Item 2) Here's an idea for somebody to patent and make a bundle on. One of the biggest water wasters is when you turn on the hot water and then wait till the water actually turns hot. All that water just goes down the drain and is wasted. Since fresh water from aquifers is only a partially renewable resource, water conservation is important. Hot water pipes could be constructed with a return path to the hot water heater. There would be a temperature sensor at the faucet so that, until the water temperature was high enough, the faucet wouldn't open but instead the cold water would be routed back to the hot water heater. Millions of gallons of water could be saved this way.


Item 3) Switzerland generates a lot of its electricity hydroelectrically and then runs its excellent train system with the power. So not only is electricity generated without pollution by a renewable resource but the trains operate without producing pollution. The best of all possible worlds. Nikolai Tesla, the great electrical engineer who invented AC electricity, the AC polyphase electrical motor, radio and many other things had an idea for the transmission of electrical power through the atmosphere. We should look into the idea of cooperating with Canada to harness the mighty rivers that flow north into the Arctic Ocean, generate hydroelectric power and then transmit it to the US.


Item 4) It takes ten times the energy to ship by truck than it takes to ship by rail. Truck tag fees do not pay for the maintenance of the interstates. Truckers are subsidized at public expense whereas railroads have to pay for all the maintenance and construction of their own track beds. Another example of an industry successfully shifting it's cost of doing business onto the public. The public then has the pleasure of driving hemmed in by half a dozen big rigs, happily motoring next to trucks containing hazardous chemicals, nuclear wastes and God knows what. Doesn't it make sense to have these types of products transported over their own separate rights of way? Europe has an excellent rail system most of it powered by electricity much of which is produced hydroelectrically, an excellent use of a renewable, non-polluting resource. BRING BACK THE RAILROADS!!


Item 5) In the words of my relative, the immortal General William S. Rosecrans, the man who should have been in Grant's shoes receiving Lee's surrender at Appomattox, "It's the logistics, stupid!" Seriously, the man who won the Battle of Iuka anyway, after Grant (rumored to be drunk in his tent) failed to show up to execute his half of the pincers movement and then dared to criticize Grant and Secretary of War Stanton who then proceeded not to send him reinforcements and supplies and ordered him into battle where he got his ass kicked at the Battle of Chickamauga following which Grant signed the orders relieving him of his command, deserves to have his story told. It is in a 500 page biography, "The Edge of Glory." But, how about a movie?! Well, having a major street named after him in both San Diego and LA is some kind of glory, isn't it? And he was in Congress speaking against a bill to reinstate Grant's pension after Grant had gone bankrupt. (It passed anyway.)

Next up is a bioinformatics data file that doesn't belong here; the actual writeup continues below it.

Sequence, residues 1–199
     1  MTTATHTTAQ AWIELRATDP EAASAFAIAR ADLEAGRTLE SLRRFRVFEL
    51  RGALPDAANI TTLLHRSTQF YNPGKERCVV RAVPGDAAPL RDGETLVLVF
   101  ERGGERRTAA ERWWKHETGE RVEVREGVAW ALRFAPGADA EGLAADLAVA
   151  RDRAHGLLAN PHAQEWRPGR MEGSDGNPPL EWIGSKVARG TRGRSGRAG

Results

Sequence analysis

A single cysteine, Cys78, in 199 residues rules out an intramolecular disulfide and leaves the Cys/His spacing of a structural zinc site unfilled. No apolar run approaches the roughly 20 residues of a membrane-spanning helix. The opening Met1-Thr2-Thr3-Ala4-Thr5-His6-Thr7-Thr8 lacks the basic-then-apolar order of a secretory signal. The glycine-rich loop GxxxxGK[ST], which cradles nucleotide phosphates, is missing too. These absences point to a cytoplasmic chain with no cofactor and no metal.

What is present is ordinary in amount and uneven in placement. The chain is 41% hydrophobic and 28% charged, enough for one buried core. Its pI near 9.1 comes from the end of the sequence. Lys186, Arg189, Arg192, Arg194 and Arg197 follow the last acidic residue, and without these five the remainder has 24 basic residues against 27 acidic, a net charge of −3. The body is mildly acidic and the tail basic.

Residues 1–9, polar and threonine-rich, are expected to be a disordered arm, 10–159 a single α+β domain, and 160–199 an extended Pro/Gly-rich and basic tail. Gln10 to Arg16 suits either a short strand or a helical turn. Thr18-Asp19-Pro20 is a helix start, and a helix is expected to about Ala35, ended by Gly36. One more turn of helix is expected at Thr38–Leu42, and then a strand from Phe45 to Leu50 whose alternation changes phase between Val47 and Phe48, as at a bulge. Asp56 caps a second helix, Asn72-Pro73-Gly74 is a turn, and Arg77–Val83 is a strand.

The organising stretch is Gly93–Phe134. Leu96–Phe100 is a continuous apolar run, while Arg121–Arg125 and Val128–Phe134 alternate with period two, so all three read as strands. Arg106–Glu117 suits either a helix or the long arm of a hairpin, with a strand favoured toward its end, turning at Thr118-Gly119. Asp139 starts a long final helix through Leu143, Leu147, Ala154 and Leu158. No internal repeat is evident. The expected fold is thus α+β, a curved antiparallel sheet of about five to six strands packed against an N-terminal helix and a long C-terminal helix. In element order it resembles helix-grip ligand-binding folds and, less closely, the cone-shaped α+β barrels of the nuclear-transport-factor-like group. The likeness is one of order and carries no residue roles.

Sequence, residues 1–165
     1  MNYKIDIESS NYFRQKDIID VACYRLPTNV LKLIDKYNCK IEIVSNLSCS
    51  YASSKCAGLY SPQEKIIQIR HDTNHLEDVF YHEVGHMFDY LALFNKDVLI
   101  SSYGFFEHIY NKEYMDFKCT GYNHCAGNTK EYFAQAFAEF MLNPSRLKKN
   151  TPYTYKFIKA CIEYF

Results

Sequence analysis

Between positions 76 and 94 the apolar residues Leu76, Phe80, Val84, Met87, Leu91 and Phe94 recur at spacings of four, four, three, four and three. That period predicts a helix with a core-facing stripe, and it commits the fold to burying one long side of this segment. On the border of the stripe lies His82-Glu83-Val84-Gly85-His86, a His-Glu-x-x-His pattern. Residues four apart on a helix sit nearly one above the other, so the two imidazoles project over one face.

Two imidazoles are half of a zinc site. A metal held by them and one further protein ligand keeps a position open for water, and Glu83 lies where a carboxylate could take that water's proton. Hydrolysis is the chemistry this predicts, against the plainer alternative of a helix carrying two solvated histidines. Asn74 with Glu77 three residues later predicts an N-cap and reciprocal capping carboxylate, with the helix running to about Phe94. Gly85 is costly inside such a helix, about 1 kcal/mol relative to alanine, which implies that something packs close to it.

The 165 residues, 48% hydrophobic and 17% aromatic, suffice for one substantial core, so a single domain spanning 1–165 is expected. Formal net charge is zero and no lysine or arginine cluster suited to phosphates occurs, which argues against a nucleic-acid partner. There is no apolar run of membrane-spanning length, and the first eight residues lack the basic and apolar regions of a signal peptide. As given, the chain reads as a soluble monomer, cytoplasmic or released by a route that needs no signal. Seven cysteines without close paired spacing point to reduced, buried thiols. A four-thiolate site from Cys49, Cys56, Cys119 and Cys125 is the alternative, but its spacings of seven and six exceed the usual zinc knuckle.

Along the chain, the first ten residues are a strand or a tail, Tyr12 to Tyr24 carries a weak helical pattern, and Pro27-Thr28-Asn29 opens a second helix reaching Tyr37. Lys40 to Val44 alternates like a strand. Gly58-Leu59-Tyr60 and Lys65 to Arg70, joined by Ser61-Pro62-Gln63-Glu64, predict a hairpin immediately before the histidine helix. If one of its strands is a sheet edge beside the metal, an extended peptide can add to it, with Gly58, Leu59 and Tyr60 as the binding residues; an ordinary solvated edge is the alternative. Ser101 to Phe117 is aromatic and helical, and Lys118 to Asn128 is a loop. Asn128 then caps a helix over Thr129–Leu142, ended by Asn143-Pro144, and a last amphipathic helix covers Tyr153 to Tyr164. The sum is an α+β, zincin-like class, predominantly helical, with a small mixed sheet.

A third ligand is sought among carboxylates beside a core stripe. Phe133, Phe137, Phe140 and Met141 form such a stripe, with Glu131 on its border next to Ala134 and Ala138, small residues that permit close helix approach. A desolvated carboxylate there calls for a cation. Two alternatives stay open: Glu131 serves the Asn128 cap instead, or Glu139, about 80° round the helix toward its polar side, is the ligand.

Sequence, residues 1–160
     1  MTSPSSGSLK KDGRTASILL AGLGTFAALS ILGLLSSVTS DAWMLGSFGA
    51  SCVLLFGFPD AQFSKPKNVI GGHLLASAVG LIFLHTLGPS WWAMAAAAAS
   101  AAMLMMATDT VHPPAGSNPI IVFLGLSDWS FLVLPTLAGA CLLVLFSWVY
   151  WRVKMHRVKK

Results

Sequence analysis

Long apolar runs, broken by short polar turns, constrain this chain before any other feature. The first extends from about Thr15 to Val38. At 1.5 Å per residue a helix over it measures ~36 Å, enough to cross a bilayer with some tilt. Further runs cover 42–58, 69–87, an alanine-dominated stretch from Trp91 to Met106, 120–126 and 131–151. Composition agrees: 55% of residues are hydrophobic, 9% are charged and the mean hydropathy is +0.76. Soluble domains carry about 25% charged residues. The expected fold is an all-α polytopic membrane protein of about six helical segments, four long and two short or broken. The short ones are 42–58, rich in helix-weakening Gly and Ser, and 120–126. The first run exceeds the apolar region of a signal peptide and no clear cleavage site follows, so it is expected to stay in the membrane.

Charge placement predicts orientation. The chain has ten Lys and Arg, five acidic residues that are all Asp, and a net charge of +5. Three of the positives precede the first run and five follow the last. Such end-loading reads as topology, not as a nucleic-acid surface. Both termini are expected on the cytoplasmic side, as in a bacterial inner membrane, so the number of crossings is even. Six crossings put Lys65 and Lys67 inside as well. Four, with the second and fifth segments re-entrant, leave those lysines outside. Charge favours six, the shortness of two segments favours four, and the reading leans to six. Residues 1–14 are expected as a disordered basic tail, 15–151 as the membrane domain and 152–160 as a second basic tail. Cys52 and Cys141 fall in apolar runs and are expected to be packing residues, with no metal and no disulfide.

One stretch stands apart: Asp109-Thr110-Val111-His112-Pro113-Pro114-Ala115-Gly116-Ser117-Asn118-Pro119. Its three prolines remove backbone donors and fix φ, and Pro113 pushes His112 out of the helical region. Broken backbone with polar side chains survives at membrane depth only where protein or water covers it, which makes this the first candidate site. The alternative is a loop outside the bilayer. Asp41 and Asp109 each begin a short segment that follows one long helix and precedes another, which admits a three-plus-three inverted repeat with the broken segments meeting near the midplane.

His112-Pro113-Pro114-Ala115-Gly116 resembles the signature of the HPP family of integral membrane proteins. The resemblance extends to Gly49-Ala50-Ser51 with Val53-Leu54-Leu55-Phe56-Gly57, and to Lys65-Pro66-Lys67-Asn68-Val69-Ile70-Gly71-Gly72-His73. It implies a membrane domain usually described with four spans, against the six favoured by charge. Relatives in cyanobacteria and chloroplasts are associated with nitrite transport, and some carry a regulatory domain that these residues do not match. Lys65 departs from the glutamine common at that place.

Item 6) If I legally changed my name to Snoop Doggy Dogg and then tried to cash in on Snoop Doggy Dogg's million dollar name recognition by some ruse or other like publishing a slim volume of, er, doggerel perhaps?, could the real Snoop Doggy Dogg, who probably never legally changed his name to Snoop Doggy Dogg in the first place, sue me? I wonder.


Item 7) The overall tax burden actually increased during the 80s_ since the decrease in Federal income tax rates touted so highly by the Republicans was more than offset by the increase in FICA taxes and an increase in state and local taxes with the result that, when you add together the sum of all threeFederal, state and local taxes—the American taxpayer who thought he was having his taxes cut, was actually having them increased. Joe Sixpak says, "Whoops! Forgot about those state and local taxes, and what the hell is FICA?"




There are just a few copies left of "East West Synthesis: Towards a Global Synergy," by John C. Lawrence, published by Clearview Press, 500 pages.


 Have you been bored lately? I mean really bored. You haven't? Then this book is for you! Here's your chance to experience boredom in a way you've never experienced it before. The boredom induced by this book is so intense that it'll literally knock your socks off! Especially recommended for insomniacs. Guaranteed to put you to sleep within 1 hour or your money back.

Full of pompous poppycock, bewildering balderdash, pusillanimous palaverings and pretentious preachiness by a person with No Formal Training in the Field, a total dilettante! Jabbering jibberish, circuitous clap-trap and meandering mumbo-jumbo. Social Engineering to the max! Long on bombast, short on pith, this book is barely literate, semi-incoherent! If you value clarity of thought, precise use of the English language and an authoritative command of the facts, then DON'T READ THIS BOOK.

If you want one anyway, send a check for $14.95 to Clearview Press, POB 230351, Encinitas, CA 92023


1. Kennedy, Paul, "Preparing for the Twenty First Century," Random House, 1993, Chapter 5Robotics, Automation and a New Industrial Revolution," pp. 82-94.

2. "Creating High-Tech Sweatshops," by Leslie Helm, LA Times, November 15, 1993, p. A1.

3. Phillips, Kevin, "Boiling Point," Random House, 1993, Chapter 5—The Great Tax Misrepresentation of the 1980s, pp. 103-128